Regional tensions flare over fate of Canada pipeline project

Reuters News
Posted: May 30, 2017 9:44 AM

By Alastair Sharp and Ethan Lou

TORONTO/CALGARY, Alberta (Reuters) - Canada's energy-rich province of Alberta on Tuesday warned its neighbor not to block a Kinder Morgan Inc pipeline project, ratcheting up political tension that helped undermine the stock market debut of the firm's Canadian unit.

Kinder Morgan plans to more than double the capacity of its Trans Mountain pipeline from Alberta to the Pacific province of British Columbia, where two political parties which oppose the project on Monday struck a deal to take power for four years.

British Columbia Greens and New Democrats - seeking to unseat Liberal Premier Christy Clark - will unveil details of their plans for Trans Mountain at 2 p.m. Pacific (2100 GMT) on Tuesday.

Clark said she would call a confidence vote in the provincial legislature "in very short order" and conceded she was facing defeat.

"If there is going to be a transfer of power in this province, and it certainly seems like there will be, it shouldn't be done behind closed doors. It should happen in public," she told reporters in Vancouver.

The project would increase Pacific exports of Canada's landlocked crude, a move that would help the country's large oil industry. It has met opposition from environmentalists and aboriginal groups in British Colombia who are worried about oil spills from the increase in tanker traffic it will cause.

Alberta Premier Rachel Notley, noting that the federal government has already approved the project, said no one province could unilaterally block the pipeline.

"Mark my words, that pipeline will be built. The decision has been made," she told reporters.

In an earlier statement, Notley said the province "will use the means at our disposal" to ensure the pipeline is built, without giving further details.

While there is some dispute over whether British Columbia has a formal veto right, it can raise multiple hurdles - like denying local construction permits - that could effectively make the pipeline impossible to build.

Canadian Prime Minister Justin Trudeau, whose government approved Trans Mountain last November, stood by the project.

"Regardless of a change in government in British Columbia or anywhere, the facts and evidence do not change," he told reporters in Italy during an official visit.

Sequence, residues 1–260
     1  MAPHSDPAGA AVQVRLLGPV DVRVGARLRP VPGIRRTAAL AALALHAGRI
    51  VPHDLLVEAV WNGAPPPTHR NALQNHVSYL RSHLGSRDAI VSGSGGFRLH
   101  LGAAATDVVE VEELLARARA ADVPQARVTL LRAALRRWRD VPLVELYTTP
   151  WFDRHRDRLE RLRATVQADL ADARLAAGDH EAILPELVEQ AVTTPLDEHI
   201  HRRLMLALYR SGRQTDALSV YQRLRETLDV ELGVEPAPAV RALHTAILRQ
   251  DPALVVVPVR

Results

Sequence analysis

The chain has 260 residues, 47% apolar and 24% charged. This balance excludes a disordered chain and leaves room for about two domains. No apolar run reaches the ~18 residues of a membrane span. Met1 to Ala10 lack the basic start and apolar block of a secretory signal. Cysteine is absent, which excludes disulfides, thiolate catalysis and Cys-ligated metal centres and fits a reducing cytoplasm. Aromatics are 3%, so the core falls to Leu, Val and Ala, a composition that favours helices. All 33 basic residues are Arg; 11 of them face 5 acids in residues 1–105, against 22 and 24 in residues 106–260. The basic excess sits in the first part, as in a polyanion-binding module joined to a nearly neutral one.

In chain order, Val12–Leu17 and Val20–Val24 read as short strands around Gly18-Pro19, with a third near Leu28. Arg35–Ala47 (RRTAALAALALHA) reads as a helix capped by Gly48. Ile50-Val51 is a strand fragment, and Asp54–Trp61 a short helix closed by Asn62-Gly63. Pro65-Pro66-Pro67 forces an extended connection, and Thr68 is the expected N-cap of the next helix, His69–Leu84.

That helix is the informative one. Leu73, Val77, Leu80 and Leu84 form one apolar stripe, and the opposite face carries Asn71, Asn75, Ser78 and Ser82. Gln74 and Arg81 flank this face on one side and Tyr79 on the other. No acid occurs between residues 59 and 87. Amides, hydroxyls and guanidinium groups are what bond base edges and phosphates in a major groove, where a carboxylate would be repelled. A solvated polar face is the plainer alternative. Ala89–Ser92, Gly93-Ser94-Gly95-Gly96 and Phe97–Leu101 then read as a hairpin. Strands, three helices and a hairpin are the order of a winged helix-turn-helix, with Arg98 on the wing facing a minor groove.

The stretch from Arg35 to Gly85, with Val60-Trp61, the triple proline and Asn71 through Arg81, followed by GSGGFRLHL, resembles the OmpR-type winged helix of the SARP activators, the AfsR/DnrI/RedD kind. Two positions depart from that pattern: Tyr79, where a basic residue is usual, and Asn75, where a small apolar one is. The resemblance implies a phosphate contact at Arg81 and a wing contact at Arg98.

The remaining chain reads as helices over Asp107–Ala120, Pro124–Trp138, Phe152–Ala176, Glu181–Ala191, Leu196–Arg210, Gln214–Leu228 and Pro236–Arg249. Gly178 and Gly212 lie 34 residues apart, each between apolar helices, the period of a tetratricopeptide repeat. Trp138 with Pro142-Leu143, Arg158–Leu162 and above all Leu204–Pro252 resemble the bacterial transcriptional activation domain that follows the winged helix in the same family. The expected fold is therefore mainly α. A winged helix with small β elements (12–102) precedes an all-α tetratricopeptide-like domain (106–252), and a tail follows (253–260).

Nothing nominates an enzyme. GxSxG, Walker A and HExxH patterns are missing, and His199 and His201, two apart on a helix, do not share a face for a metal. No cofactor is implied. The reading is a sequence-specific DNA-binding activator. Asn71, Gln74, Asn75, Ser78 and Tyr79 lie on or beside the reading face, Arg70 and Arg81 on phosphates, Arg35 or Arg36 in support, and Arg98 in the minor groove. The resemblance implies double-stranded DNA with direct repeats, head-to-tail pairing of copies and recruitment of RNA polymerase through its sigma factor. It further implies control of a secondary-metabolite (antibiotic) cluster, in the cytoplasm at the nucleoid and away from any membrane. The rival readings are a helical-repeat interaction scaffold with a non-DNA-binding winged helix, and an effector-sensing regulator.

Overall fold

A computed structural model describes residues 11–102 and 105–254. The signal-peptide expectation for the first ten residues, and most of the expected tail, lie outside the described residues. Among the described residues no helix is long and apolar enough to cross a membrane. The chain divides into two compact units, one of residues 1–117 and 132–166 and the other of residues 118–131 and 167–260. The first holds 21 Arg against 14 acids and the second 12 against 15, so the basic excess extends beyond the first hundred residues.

The Canadian constitution allows Trudeau in theory to declare the project to be for "the general advantage of Canada," which would let Ottawa to take control. That would be a nuclear option since it would trigger political outrage in provinces, which have wide-ranging powers.


Prolonged fights over Trans Mountain and other crude pipelines raise questions over other oil and gas projects in the Pacific province.

John Horgan, leader of the British Columbia New Democrats, has expressed reservations about a $27 billion liquefied natural gas terminal that Malaysia's Petronas [PETR.UL] wants to build in northern British Columbia. Petronas declined to comment.

Royal Dutch Shell plans to build an LNG export terminal in the province.

"At this point we're in a wait and see mode. We don't even actually know if the NDP and Greens can form a government," Shell Canada President Michael Crothers told Reuters on the sidelines of an industry event in Toronto.

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Walter E. Williams

Shares in Kinder Morgan Canada Ltd fell as much as 7.4 percent on their debut in heavy trading on Tuesday before recovering ground to close down 4.4 percent at C$16.24.

Kinder Morgan spun off the unit to help finance the expansion of its Trans Mountain.

It was the second most active stock in Toronto, with 6.5 million shares changing hands. The firm raised C$1.75 billion ($1.30 billion) in the initial public offering at C$17.00 per share last week.

Shares in parent company Kinder Morgan ended down 4.3 percent. The firm said on Tuesday that expansion remains on track to start service at the end of 2019.

The British Columbia Greens and NDP together only have 44 of the 87 seats in the provincial legislature. One of the people who brokered the deal said it would be hard for them to work together for four years as envisioned.

"I think it's very fragile. I think it's going to be a real test," Norman Spector told Vancouver's CKNW radio.

(Writing by David Ljunggren; Additional reporting by Leah Schnurr in Ottawa and Nicole Mordant in Vancouver; Editing by Andrew Hay and Lisa Shumaker)